# Why do two bodies affect each other with the same but opposite torque?

Update: After further reading, it looks like the torque $C_{12} = C_{21}$ should not be seen as caused by the force $F_{12} = -F_{21}$. The resulting force at the contact point causes an independent torque not to be confused with $C_{12} = C_{21}$. So what force(s) then causes the torque $C_{12} = C_{21}$ ? And why are this torque the same but opposite direction for the bodies?

Original post: Two solid (undeformable) bodies of body 1 and body 2 are in contact with each other. Let's call the body's common point of contact K.

According to the law of action and counteractivity, also known as Newton's third law, the bodies interact with the same but directive resulting force: $$F_{12} = -F_{21}$$ where $F_{12}$ is the resulting force that body 1 experiences from body 2 and vice versa at the point of contact K.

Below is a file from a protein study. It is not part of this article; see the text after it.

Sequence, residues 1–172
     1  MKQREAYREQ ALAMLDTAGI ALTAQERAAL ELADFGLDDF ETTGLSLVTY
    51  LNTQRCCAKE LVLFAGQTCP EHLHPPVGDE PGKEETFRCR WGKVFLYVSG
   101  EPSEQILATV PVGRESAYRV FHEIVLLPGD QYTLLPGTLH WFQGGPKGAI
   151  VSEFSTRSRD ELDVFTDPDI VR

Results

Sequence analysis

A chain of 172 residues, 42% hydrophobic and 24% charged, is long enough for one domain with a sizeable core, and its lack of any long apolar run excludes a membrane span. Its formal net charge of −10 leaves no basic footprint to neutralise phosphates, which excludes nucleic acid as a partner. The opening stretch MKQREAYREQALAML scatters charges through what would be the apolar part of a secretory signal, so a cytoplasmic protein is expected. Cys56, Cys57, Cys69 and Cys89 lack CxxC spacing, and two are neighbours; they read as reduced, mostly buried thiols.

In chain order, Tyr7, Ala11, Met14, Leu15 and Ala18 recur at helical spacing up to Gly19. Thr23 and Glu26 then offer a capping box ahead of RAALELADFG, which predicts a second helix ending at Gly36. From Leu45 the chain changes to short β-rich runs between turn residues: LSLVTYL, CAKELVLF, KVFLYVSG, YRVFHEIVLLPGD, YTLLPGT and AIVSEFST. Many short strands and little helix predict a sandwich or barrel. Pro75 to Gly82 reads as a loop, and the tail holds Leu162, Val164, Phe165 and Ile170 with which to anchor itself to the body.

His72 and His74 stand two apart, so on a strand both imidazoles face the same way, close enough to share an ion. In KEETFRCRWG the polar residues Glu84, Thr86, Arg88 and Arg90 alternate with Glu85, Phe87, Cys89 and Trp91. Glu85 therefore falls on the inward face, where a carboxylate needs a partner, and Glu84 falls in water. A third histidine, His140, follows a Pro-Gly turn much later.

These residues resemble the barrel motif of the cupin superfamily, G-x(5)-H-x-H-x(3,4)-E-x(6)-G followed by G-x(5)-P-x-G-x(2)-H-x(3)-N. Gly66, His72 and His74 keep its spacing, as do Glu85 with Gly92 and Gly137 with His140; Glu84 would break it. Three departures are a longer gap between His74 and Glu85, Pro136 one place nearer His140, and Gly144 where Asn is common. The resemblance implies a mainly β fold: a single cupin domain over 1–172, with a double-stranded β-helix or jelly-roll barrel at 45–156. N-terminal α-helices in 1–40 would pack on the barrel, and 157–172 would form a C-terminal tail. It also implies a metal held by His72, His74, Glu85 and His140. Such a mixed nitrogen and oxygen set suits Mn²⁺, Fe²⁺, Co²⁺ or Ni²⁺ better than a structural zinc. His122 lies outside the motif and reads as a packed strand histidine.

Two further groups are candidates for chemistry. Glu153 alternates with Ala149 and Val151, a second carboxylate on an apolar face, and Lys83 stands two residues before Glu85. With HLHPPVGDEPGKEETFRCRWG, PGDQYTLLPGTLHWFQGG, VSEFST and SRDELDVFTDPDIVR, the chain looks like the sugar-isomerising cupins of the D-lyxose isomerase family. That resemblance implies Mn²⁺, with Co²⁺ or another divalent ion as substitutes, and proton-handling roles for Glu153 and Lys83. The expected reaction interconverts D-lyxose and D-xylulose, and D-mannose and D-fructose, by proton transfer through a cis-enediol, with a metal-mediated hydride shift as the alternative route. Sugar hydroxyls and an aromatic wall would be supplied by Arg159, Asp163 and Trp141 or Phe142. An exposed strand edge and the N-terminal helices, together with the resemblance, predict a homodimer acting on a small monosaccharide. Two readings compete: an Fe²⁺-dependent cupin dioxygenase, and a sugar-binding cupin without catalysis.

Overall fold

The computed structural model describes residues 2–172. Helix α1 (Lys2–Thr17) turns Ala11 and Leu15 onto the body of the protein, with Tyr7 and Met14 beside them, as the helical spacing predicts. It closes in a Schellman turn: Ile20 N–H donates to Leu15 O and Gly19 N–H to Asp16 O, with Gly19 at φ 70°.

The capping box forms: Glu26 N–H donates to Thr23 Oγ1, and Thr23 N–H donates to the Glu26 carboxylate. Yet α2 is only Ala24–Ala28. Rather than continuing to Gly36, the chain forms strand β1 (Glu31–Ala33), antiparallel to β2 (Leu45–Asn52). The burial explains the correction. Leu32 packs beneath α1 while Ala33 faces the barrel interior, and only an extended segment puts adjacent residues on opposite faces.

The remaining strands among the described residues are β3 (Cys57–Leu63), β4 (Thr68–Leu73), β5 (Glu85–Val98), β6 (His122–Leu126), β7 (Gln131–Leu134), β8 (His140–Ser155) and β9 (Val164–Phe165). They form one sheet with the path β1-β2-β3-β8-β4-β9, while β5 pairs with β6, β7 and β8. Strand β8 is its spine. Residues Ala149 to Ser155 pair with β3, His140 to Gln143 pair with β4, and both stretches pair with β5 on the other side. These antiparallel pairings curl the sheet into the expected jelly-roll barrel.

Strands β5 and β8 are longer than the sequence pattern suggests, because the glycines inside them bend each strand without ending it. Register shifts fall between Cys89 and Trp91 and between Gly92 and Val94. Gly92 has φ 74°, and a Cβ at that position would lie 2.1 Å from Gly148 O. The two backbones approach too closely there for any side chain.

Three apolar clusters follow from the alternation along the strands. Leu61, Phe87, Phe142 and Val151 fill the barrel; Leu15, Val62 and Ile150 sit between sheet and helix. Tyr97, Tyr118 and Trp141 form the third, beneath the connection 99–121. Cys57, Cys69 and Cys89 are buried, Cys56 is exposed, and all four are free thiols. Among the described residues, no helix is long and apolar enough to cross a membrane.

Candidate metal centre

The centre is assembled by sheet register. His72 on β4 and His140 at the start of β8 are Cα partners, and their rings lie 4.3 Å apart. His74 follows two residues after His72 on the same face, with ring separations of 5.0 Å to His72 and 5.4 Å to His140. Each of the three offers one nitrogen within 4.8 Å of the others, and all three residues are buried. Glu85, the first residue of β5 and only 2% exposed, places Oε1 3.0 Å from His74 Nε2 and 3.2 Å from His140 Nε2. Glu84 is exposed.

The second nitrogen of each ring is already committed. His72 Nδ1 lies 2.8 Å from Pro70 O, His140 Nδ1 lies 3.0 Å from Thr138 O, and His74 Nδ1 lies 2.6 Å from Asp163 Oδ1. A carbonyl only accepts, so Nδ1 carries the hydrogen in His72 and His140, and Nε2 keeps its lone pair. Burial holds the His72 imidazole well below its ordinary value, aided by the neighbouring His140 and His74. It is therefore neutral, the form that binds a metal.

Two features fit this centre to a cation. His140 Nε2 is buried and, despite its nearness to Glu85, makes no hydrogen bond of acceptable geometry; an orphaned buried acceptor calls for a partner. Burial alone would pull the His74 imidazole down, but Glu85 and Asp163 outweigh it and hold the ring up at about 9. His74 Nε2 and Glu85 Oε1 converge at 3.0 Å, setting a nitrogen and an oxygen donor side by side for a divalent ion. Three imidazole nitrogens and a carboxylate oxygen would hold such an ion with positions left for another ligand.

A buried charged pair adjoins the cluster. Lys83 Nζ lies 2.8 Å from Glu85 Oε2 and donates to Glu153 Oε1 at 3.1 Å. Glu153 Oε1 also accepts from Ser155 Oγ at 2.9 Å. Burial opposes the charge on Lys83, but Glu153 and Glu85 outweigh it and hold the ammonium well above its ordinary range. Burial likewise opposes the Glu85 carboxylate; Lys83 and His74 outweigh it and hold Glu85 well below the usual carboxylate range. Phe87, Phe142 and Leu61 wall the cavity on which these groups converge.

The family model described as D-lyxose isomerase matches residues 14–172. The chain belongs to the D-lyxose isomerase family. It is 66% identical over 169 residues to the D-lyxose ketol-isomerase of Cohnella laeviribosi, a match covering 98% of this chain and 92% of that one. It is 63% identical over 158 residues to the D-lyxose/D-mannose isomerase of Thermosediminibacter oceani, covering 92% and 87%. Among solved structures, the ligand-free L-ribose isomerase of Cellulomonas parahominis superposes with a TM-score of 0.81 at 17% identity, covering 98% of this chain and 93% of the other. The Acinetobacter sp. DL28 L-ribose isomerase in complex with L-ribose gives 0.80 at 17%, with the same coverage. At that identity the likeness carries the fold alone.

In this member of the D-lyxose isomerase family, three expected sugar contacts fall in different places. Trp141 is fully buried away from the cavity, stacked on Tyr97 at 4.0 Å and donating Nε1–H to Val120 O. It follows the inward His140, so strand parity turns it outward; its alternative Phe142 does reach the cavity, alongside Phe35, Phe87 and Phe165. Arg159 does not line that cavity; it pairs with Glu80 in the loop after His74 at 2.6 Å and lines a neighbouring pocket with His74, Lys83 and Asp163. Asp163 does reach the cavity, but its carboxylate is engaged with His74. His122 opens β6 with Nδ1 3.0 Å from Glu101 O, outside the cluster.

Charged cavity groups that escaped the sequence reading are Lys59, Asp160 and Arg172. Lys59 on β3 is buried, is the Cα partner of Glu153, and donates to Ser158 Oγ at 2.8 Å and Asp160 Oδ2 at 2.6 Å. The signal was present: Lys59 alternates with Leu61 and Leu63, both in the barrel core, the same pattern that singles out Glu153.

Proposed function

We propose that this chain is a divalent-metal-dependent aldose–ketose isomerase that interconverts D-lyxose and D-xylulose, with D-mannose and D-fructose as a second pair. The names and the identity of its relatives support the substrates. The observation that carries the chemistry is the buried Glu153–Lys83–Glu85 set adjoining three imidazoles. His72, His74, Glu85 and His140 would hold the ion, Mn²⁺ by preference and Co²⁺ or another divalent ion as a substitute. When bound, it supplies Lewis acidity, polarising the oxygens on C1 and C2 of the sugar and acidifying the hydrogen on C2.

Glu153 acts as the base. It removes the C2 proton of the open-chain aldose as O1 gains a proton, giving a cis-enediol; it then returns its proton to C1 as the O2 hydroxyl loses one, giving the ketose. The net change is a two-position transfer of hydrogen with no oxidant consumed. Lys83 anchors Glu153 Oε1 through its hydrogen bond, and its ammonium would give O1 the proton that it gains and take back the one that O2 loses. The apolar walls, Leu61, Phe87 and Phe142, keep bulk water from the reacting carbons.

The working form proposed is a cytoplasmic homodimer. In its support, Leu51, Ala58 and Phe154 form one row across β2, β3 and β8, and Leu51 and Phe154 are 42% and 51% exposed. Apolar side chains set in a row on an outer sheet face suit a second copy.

The force $F_{12}$ causes (?) A resulting torque $C_{12}$ on body 1. The force $F_{21}$ causes (?) A resulting torque $C_{21}$ on body 2.

According to the law of action and counteractivity, $C_{12} = -C_{21}$. But why? Or have I interpreted the law wrong, maybe it is not the force $F_{12}$ and $F_{21}$ at the contact point that give rise to the resulting torque for body 1 and body 2? (I strongly believe that I misunderstand the connection between the resulting torque and the forces $F_{12}$ and $F_{21}$, as the following example shows):

My counter example: Ponder that a bowling ball and a ladder travel in the air and suddenly collide in a point that is furthest down on the steps. According to Newton's third law, the bodies affect each other with an equal but counter-directed force, $F_{12} = -F_{21}$.

The resulting torque for the ladder can be calculated by multiplying the force by the perpendicular distance between the force and the center of the mass, and the same for the ball.

However, the perpendicular distance from the force to the center of mass on the ladder (we assume the center of mass lies at the center of the ladder) is much greater than the bowling ball, so the ladder should experience a greater torque than the ball.

Mathematical: Torque_ladder = Force * (Distance to center of mass of ladder)> Force * (Distance to center of mass of ball).